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NCJRS Abstract

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NCJ Number: 157984 Add to Shopping cart Find in a Library
Title: Evaluation of Transcription Technology: Wisconsin Circuit Courts
Author(s): J Frye; T Targos
Editor(s): J Thieme
Date Published: 1994
Page Count: 34
Sponsoring Agency: NCJRS Photocopy Services
Rockville, MD 20849-6000
Wisconsin Legislative Audit Bureau
Madison, WI 53703
Publication Number: 94-15
Sale Source: NCJRS Photocopy Services
Box 6000
Rockville, MD 20849-6000
United States of America

Wisconsin Legislative Audit Bureau
22 E. Mifflin Street
Suite 500
Madison, WI 53703
United States of America
Type: Report (Technical)
Language: English
Country: United States of America
Annotation: Because technological advances in audio and video recording have called into question whether reliance on traditional court reporters represents the most efficient way to record court proceedings, circumstances under which various technologies could be used most effectively in Wisconsin were examined.
Abstract: In assessing technological choices, two parts of the court reporting process (making a record of court proceedings and transcribing the record into a written document) were considered. It was found that most court reporters use a shorthand machine to record phonetic symbols for all statements made. If a transcript is subsequently requested, these symbols are translated into English. On a cost basis, audio recording can be substantially less expensive than a traditional court reporter. A complete audio recording system costs about $3,400 to $6,000, plus about $2,000 yearly for maintenance and audio tapes. In contrast, a court reporter in Wisconsin costs an average of $46,600 per year. Video systems appear to offer no advantage over audio systems, and video systems are far more expensive. Benefits of audio recording and computer-aided transcription are discussed. An appendix contains a response to the evaluation of transcription technology by Wisconsin's Director of State Courts. 1 figure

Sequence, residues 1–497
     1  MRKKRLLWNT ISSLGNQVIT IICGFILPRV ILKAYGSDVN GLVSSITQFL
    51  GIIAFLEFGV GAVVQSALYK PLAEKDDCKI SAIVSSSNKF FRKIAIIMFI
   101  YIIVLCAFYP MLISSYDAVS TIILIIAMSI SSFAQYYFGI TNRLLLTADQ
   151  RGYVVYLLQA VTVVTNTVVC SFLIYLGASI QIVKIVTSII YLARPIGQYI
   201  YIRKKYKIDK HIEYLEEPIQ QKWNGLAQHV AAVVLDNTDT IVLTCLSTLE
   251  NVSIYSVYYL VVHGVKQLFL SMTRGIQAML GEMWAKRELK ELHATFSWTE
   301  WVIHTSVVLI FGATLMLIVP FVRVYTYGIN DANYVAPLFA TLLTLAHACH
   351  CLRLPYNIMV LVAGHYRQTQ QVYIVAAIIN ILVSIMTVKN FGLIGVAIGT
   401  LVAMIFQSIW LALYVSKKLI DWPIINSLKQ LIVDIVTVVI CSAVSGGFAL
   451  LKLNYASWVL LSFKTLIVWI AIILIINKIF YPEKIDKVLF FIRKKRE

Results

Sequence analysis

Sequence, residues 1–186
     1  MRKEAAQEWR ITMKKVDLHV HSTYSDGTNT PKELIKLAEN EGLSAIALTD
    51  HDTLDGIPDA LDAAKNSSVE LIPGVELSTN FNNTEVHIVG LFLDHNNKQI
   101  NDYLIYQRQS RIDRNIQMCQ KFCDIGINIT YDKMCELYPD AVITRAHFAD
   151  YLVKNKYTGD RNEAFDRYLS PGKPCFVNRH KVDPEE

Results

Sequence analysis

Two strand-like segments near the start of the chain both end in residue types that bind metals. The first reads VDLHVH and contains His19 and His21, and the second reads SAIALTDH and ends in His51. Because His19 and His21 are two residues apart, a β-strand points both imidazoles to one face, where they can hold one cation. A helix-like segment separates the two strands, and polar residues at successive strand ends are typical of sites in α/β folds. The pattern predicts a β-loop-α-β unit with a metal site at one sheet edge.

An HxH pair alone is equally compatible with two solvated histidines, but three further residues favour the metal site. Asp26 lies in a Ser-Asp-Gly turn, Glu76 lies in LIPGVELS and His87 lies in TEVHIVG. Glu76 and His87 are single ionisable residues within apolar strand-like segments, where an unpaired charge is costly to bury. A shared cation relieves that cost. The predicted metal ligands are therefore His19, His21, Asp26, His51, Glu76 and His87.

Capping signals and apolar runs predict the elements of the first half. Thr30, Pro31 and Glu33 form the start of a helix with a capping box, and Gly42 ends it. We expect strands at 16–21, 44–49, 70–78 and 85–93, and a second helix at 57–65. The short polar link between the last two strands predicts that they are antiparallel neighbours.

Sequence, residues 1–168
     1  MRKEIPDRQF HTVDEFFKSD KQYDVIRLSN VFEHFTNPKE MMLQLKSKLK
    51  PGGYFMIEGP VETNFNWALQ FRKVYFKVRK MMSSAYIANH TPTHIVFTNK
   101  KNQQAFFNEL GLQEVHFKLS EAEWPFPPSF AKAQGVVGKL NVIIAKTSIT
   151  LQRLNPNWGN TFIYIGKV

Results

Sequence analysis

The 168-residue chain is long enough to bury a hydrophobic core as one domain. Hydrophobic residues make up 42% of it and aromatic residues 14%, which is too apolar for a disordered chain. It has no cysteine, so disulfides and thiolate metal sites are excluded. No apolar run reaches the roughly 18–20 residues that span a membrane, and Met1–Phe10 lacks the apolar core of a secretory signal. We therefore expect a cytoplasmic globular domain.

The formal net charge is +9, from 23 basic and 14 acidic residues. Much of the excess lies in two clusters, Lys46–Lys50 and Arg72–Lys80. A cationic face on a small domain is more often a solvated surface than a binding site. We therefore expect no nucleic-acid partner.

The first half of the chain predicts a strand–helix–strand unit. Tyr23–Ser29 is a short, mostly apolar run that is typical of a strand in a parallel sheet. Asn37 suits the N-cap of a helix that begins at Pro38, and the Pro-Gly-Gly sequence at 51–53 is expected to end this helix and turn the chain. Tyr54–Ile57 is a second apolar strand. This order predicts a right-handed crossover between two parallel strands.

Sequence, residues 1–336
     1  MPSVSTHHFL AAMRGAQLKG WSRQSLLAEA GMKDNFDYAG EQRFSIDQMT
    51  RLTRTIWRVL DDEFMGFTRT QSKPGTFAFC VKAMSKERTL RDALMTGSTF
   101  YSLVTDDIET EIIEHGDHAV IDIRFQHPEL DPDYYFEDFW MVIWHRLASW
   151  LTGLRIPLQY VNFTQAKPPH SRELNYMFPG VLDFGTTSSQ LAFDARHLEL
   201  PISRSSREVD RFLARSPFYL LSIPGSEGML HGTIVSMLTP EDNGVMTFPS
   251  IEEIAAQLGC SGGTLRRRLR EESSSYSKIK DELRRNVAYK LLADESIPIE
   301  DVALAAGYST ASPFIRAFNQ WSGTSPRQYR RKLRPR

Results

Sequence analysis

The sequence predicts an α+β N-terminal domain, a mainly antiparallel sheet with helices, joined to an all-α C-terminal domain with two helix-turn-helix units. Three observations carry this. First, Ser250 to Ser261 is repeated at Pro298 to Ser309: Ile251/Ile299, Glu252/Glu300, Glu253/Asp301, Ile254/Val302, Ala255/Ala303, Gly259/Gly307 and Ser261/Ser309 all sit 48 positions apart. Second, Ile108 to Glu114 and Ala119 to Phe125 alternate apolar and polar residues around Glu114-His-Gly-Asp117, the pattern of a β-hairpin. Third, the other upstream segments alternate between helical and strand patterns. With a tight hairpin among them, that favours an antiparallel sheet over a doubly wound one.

Main Term(s): Court reporting
Index Term(s): Audiovisual aids; Computer aided operations; Court records; Science and Technology; Videotapes; Wisconsin
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